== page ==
Tag Archives: Hermanus

Laura meets the judge

When our daughter Laura was fourteen years old she spent the first half of the year at the St Cyprians Boarding School in the leafy suburb of Gardens in Cape Town. She enjoyed the experience so much that she badgered us to send her back there for the duration of the following year. Laura generally gets her own way and it was no different on this occasion.

My wife and I travelled to South Africa in June of that year, accompanied by my mother-in-law and sister-in-law. We spent some time in the Kruger National Park before driving south to Cape Town, where we lingered for a few days.

When the other family members travelled on to England I remained behind with Laura. The two of us went to stay with my brother Charel and sister-in-law Marlien, who live near Hermanus, a picturesque coastal village on the east coast 120 kilometers from Cape Town.

At that stage Laura had not met any of my relatives in South Africa, apart from Charel and Marlien and their children, so I decided to take her to meet my uncle André Botha, a retired judge, and his wife Mara, who lived in a house named Langbaai in Hermanus. Their living room overlooked Walker Bay and during the whale watching season one could see the whales frolicking in the ocean from their porch.

My mum, known by the family as Sus—an abbreviation for the Afrikaans term for “sister”—was the eldest of five children. My uncle André was the youngest of her four brothers and was one of my favourites. In common with his other siblings he was highly intelligent. He was also a soft-spoken and gentle person, unlike one of his brothers who would be quite moody and aggressive at times, and another who was, in my view, just plain nasty.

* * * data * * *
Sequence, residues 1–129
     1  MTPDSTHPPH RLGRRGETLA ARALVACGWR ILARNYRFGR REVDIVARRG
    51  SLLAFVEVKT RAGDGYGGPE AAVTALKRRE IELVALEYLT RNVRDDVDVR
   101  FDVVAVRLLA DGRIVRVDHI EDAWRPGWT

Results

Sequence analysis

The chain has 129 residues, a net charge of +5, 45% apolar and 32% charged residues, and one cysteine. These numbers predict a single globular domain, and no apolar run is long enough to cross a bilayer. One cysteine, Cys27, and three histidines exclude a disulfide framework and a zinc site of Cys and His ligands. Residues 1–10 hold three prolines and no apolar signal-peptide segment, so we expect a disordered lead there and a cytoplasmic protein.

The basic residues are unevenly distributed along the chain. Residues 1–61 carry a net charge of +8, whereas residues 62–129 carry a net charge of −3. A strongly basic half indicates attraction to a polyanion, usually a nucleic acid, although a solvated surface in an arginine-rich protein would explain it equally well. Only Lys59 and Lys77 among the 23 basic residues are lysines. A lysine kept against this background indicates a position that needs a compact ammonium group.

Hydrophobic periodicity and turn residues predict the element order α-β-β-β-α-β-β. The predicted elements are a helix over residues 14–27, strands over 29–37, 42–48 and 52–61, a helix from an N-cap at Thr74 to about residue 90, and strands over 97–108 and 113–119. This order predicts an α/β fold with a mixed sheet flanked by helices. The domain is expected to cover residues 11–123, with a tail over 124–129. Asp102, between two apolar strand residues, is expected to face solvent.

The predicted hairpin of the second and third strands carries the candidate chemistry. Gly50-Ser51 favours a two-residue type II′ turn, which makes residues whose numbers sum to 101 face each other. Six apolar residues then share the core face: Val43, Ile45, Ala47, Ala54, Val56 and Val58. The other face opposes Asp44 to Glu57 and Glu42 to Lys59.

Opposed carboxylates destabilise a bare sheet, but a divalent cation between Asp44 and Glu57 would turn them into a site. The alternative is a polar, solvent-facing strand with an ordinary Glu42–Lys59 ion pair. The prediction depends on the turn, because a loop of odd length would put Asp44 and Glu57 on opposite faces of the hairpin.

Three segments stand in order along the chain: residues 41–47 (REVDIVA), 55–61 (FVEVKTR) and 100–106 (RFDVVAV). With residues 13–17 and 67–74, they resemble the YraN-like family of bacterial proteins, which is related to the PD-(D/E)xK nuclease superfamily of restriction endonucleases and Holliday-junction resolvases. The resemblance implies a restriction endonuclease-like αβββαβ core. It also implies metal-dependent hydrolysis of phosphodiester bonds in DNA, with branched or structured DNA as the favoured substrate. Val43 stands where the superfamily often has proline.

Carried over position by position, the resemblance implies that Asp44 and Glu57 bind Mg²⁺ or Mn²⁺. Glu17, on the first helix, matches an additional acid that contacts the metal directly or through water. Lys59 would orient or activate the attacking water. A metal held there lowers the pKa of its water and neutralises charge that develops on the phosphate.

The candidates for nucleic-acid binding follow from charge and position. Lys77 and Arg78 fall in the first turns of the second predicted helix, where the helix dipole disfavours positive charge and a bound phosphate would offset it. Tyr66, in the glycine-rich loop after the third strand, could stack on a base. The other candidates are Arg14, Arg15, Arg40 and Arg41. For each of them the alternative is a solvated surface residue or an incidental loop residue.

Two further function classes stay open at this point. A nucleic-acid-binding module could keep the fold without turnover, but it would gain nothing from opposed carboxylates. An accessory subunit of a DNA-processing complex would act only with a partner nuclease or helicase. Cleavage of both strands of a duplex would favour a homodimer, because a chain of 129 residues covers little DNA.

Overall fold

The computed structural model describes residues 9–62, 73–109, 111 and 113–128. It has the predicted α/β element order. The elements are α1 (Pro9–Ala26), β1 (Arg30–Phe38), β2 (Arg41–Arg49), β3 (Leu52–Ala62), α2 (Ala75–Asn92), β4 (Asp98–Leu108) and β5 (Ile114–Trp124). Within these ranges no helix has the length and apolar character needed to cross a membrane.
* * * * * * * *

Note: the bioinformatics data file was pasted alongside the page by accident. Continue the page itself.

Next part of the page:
We arrived at Langbaai on a lovely, crisp winter’s morning in time for morning coffee. André and Mara made a big fuss over their young Australian niece, whom they were meeting for the first time. Mara had baked a scrumptious cake, which we enjoyed with our coffee while we did the normal catching up and gossiping that families do when they had not seen each other for a while. It was all very pleasant.

Since I had last seen André he had developed a serious eye condition that was impairing his vision and rendered everything he looked at a vague blur.

“Could you please do me a favour and describe to me what Laura looks like?” he asked Mara.

“Well,” she replied, looking Laura up and down, “she has dark brown hair and brown eyes, and she definitely has Sus’ nose. You can clearly see that she that she is related to the Bothas.”

We chatted for a while longer before Laura and I got ready to depart. My uncle André looked in Laura’s direction and asked her, “Would you mind very much coming really close to me so that I can try and see for myself what you look like?”

“Yep, that’s fine,” she said and walked towards him.

My uncle stretched out his hands, cupped her face and gently drew her very close to himself, peering at her intently.

“Oh, yes,” he mused, “she definitely has the Bothas’ features.”

Then he turned towards Mara and said to her in a slightly accusing tone of voice, “But when you described her you didn’t tell me that Laura is so beautiful!”

Laura and I said our farewells and reversed out of the driveway to head back to my brother’s house. As we were taking off, Laura said dreamily, “I really like your uncle André, Dad. He is such a nice man.”